Friday, April 15, 2011

Lady Wants To Screen The Weirdos

A California woman is suing a popular Internet dating site, saying she was sexually assaulted by a man she met on

The entertainment executive, unidentified Jane Doe, hired Attorney Mark L. Webb to file her lawsuit with the Los Angeles Superior Court.

The suit demands that screen its members for sexual predators. The woman is asking for a temporary injunction barring the site from signing up more members until his client's demands are met.

On their second date, when they met at the Urth Cafe in West Hollywood. After a second date, the attorney says the man followed her home and attacked her. The man had been convicted 6 different times for sexual battery.

More in these articles.!5792045/women-sues-matchcom-after-date-leads-to-assault

Thursday, April 14, 2011

"If you touch my junk, I'm going to have you arrested"

How many times have I said this to someone?  Here's a vid of a man that refused to be fondled by the TSA at the airport. He refuses several types of scans and then says he doesn't want to be felt up either. What's a TSA officer to do? Well, fine him and tell him he can't go anywhere.

"I don't understand how a sexual assault can be made a condition of my flying," said 31-year-old John Tyner to a pair of Transportation Security Administration officials insisting on giving him a "groin check" before boarding his plane.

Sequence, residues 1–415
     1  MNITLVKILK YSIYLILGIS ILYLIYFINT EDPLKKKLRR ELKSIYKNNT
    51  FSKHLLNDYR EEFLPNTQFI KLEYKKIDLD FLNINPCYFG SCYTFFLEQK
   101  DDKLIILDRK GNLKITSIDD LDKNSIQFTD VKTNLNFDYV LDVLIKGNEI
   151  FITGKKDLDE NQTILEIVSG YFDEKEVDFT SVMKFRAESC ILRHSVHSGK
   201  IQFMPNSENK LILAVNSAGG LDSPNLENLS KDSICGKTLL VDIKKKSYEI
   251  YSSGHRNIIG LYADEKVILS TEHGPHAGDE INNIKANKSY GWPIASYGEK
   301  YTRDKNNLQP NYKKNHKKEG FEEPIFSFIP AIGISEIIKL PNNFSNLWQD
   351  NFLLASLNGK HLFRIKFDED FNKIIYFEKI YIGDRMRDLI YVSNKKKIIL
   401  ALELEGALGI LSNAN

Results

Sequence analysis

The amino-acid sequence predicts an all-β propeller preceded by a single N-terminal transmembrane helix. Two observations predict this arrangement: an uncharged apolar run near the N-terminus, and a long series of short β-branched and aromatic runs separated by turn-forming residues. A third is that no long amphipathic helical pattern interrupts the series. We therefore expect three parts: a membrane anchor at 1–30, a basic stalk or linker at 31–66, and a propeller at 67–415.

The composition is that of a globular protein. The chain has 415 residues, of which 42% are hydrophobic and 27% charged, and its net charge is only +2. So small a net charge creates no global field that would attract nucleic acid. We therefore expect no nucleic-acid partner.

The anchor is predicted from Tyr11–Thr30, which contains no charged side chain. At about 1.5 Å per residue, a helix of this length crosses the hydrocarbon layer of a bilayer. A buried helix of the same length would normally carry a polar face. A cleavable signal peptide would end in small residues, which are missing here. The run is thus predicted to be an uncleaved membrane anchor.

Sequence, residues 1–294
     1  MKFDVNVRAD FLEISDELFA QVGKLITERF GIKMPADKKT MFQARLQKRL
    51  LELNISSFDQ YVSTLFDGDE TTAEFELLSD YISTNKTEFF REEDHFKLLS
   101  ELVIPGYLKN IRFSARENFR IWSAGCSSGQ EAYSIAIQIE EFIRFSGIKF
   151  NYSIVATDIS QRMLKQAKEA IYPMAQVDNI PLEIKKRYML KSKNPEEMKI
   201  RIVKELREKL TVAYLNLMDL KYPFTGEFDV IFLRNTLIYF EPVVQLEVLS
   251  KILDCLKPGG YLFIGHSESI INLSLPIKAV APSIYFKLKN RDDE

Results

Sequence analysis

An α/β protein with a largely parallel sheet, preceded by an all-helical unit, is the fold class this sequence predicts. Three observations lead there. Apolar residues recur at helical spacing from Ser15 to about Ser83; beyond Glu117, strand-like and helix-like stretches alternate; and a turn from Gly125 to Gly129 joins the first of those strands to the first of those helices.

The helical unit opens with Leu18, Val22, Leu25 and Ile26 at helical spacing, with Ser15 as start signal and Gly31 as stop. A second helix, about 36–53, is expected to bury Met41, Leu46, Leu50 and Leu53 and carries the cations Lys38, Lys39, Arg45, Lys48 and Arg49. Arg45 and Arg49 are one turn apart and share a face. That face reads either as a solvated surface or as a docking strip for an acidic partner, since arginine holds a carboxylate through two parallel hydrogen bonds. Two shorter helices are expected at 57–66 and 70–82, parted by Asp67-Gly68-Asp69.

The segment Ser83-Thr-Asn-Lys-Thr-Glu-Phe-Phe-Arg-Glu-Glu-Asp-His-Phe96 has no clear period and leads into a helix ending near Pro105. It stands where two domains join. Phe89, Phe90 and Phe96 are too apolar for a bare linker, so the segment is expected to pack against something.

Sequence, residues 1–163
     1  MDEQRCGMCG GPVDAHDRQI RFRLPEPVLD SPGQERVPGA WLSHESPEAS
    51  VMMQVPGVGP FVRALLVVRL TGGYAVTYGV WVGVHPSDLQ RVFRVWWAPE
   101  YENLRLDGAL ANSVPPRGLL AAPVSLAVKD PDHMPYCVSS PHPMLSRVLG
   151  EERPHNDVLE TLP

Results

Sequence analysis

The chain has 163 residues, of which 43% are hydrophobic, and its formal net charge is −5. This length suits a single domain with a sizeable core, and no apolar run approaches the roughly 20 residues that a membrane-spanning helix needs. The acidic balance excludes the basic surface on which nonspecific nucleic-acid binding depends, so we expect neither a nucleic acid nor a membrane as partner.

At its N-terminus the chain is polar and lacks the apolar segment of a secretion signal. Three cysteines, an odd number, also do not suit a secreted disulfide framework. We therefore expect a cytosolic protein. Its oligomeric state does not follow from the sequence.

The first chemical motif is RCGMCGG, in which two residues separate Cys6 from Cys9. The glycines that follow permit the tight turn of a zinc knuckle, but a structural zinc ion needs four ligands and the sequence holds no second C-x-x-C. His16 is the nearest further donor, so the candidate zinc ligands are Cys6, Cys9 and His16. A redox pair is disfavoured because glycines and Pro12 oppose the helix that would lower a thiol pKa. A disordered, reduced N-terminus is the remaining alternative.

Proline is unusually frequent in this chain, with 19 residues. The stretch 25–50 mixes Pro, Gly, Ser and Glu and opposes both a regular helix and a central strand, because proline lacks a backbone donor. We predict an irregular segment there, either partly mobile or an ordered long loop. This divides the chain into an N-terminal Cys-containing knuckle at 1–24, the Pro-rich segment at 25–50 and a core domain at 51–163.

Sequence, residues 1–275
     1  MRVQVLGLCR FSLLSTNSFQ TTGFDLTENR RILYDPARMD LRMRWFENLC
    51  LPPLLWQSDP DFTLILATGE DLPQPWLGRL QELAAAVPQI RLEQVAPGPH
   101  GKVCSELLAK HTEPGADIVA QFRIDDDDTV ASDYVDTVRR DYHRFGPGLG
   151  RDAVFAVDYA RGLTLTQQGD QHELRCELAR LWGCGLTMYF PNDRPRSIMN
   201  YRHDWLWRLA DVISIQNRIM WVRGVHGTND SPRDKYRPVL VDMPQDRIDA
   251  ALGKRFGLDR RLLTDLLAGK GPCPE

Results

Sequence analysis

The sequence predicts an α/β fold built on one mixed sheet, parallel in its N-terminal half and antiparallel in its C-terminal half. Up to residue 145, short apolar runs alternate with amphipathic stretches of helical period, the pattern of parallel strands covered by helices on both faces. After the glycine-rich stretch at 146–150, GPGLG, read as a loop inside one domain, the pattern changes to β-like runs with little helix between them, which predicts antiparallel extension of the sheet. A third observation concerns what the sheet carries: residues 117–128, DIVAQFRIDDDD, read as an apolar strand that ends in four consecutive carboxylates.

Tyner was scheduled to fly out of San Diego International Airport when he was pulled from the security line at the metal detectors and told he would be either subjected to one of the TSA's full-body scanners – which reveal a virtually nude image of passengers – or a full-body "pat-down," including an inspection of his inner thigh.

Discomforted by the invasive procedures and the thought of a security officer touching his genitals, Tyner made a joke that has since made him an instant Internet folk hero:

"If you touch my junk, I'm gonna have you arrested." Go ahead make a t-shirt.

Tyner's words have since resonated in dozens of online comments and thousands of views on YouTube, for the comment – and the controversial discussion that followed – was recorded by Tyner's cell phone. Though the phone was with his belongings, and thus only caught audio of his confrontation with TSA officials, the camera's footage is posted below:

Wednesday, April 13, 2011

Tax Day is April 18th! Not the 15th. Thanks, to Lincoln - Yes, Him Again

...No, I Am Not Trying To Get You Arrested...LOL

You get three extra days to file your taxes this year. They'll be due on Mon., April 18.

But it's not because of a previously announced processing delay that will prevent people who itemize their taxes from filing before mid- to late February, the IRS said Tuesday.

Instead, the bonus days come thanks to Emancipation Day, a little-known Washington, D.C., holiday that celebrates the freeing of slaves in the district. Abraham Lincoln signed the Compensated Emancipation Act on April 16, but it is observed in D.C. on Fri., April 15.

That prompted the IRS to extend the tax filing deadline to April 18 this year. Under the tax code, filing deadlines can't fall on Saturdays, Sundays or holidays.

The last time an extension was granted for this reason was in 2007.

But don't expect a separate -- or longer -- extension to make up for the IRS's processing delay, said IRS spokesman Anthony Burke.